The battle between Lionsgate and Carl Icahn has entered the trench warfare stage with both sides blasting each other on a daily basis.
Icahn, who owns 19% of the minimajor and launched a hostile takeover last week, contends management is so broken that bankuptcy is inevitable. Placed on the defensive, Lionsgate’s topper Jon Feltheimer counters that he has followed a successful strategy and that Icahn has substituted vision for a smokescreen to hide his desire to get the company at a bargain-basement price.
All of this came to a head with the binding offer Lionsgate made earlier this week to acquire MGM — a strategy that Icahn opposes and implies is emblematic of the wrecked vision that is threatening the company.
“You claim that I offer no ‘meaningful vision,’ thereby implying that you have one,” Icahn said in an open letter to Feltheimer a day after the company officially rejected his $6-a-share bid as inadequate and coercive. “I cannot help but wonder why your ‘vision’ — if so ‘meaningful’ — never translated into shareholder value?”
He noted that the stock reached a high of $11.40 six years ago in the wake of the company’s acquisition of Artisan, then began declining in 2008 to a low of $4.85.
“If the stock price of a company remains stagnant for years, as it has with Lionsgate, then clearly something is wrong,” said Icahn. “I suggest that your directors have failed shareholders. They have never taken a long hard look at this “meaningful vision” you claim to possess and have not been willing to hold you accountable for it.”
Investors drove Lionsgate stock well past Icahn’s offer price as shares rose 26¢ to $6.25 on Wednesday.
In light of the rising stock price, Lionsgate asserted that Icahn was “simply attempting to distract shareholders from the obvious — his offer price is woefully inadequate.”
“Our track record of successful growth over the past 10 years is evidence that we continue to move Lionsgate in the right direction,” the company said. Lionsgate also repeated earlier claims that it’s achieved profitability on approximately 70% of film releases over the past ten years — one of the highest success rates in the industry.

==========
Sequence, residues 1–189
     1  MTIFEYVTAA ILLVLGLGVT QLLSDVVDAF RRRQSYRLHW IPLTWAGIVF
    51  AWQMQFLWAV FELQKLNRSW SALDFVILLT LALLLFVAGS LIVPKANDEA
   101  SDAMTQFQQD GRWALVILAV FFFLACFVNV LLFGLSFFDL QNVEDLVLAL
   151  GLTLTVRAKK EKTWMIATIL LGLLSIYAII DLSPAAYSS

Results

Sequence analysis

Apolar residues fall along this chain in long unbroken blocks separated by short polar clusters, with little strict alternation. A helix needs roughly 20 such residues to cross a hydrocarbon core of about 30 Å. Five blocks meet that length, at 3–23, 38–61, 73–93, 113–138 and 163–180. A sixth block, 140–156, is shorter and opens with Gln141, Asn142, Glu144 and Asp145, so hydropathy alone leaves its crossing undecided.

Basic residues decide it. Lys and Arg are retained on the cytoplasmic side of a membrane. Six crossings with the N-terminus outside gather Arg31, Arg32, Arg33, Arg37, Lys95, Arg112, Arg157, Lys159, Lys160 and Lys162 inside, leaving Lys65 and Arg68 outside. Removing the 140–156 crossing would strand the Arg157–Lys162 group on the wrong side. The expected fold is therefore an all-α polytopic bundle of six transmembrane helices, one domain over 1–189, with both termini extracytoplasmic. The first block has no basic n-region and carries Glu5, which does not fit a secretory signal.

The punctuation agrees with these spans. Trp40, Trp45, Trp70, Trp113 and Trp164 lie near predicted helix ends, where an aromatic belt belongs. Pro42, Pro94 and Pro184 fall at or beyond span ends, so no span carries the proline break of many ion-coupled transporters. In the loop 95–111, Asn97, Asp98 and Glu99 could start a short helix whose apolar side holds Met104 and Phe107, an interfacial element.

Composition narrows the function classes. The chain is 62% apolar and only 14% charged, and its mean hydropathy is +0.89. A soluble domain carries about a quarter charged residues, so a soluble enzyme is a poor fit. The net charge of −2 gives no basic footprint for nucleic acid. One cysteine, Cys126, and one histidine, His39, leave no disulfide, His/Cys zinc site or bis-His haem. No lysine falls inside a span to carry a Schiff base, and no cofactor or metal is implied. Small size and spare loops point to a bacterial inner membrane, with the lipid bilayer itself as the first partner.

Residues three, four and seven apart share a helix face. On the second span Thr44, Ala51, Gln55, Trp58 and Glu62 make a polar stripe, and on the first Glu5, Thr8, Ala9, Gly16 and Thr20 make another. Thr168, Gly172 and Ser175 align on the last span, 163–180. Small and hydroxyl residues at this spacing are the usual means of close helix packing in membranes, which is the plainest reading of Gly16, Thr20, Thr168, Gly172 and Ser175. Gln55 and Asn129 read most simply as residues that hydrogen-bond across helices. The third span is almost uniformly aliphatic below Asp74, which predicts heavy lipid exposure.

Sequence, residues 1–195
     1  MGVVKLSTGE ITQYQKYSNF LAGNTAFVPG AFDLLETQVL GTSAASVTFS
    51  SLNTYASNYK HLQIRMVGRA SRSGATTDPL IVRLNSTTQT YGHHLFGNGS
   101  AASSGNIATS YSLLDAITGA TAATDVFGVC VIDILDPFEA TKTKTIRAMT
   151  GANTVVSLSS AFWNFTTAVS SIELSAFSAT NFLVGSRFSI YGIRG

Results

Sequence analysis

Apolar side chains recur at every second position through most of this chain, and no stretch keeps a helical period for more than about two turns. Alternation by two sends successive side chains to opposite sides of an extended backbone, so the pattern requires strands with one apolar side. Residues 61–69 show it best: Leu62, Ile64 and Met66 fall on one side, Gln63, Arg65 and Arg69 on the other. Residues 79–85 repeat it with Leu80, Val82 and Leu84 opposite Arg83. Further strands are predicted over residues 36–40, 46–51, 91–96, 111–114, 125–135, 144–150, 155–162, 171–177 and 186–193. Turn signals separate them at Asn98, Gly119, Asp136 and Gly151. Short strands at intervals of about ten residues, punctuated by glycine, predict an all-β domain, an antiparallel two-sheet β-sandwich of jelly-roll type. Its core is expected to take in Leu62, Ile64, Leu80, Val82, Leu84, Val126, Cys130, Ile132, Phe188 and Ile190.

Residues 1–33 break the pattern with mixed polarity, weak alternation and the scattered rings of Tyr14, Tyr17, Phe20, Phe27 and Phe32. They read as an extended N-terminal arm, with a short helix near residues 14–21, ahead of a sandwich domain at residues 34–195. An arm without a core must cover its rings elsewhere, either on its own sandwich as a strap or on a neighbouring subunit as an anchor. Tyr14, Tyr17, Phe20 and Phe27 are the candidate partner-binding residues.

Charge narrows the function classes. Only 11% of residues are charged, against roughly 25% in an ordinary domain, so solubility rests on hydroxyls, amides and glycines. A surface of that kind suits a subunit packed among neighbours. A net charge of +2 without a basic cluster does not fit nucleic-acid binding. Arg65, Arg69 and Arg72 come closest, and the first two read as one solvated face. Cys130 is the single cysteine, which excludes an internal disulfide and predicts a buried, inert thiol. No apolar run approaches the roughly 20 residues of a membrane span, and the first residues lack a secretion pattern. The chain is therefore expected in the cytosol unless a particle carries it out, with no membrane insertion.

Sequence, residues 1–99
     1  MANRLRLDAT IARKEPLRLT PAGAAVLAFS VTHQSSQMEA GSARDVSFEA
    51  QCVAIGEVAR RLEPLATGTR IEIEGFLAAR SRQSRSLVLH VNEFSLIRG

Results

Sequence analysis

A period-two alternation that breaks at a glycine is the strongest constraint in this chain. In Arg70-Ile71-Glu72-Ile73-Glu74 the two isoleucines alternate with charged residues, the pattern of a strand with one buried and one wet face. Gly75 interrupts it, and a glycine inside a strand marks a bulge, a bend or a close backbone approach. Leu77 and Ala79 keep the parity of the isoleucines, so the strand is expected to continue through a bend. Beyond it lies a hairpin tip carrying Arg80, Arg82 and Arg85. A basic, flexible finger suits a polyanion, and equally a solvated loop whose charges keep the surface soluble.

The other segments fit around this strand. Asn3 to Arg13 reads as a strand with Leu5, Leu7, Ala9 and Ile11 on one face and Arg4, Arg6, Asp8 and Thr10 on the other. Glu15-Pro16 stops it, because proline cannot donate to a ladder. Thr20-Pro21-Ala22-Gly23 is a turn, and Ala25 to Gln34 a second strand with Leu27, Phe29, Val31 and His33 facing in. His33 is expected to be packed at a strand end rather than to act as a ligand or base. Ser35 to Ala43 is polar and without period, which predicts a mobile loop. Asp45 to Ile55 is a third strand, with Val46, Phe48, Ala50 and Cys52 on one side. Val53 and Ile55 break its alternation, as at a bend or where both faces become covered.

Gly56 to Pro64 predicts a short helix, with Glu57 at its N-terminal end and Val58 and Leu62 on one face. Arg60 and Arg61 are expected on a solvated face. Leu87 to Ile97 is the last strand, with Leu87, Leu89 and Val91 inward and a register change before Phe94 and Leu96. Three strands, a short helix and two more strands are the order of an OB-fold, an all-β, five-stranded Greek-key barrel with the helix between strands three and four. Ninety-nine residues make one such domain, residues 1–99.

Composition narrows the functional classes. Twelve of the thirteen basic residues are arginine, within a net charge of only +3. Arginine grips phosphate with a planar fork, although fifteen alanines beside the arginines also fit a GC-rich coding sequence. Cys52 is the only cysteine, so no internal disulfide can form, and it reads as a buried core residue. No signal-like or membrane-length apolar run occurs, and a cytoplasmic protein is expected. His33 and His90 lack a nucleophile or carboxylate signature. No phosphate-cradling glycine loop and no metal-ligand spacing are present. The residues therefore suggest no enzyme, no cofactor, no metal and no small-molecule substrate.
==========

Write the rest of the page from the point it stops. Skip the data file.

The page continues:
“Our television business has grown from annual revenues of $8 million in 1999 to approximately $350 million this year,” Lionsgate said. “We have been focused on financial discipline in developing new television product. Our hit shows ‘Mad Men,’ ‘Weeds’ and ‘Nurse Jackie’ are leading shows in the television business and have achieved critical acclaim, a devoted fan base and economic success.”
Lionsgate also said its 12,000-title library has generated an average of $267 million in annual revenue for the past three years.
Analyst Matthew Harrigan of Wunderlich Securities agrees that Lionsgate has a good record of achievement. He told Daily Variety that Icahn’s refusing to recognize the accomplishments of Lionsgate management.
“Lionsgate has always executed well on the mergers and acquisitions front,” he added. “They’re betting the farm on the MGM deal but they’re definitely not in over their heads.”
Still, Icahn concluded his letter by noting that Feltheimer should be “frustrated by the five-year stagnation of the stock.”
“But more importantly,” he wrote, “I am fearful that you have determined to ‘swing for the fences’ using excessive debt and risking the shareholders’ equity. The road to bankruptcy is littered with companies whose CEOs — under the banner of “vision” — have been permitted by lax board oversight to gamble their companies into oblivion.”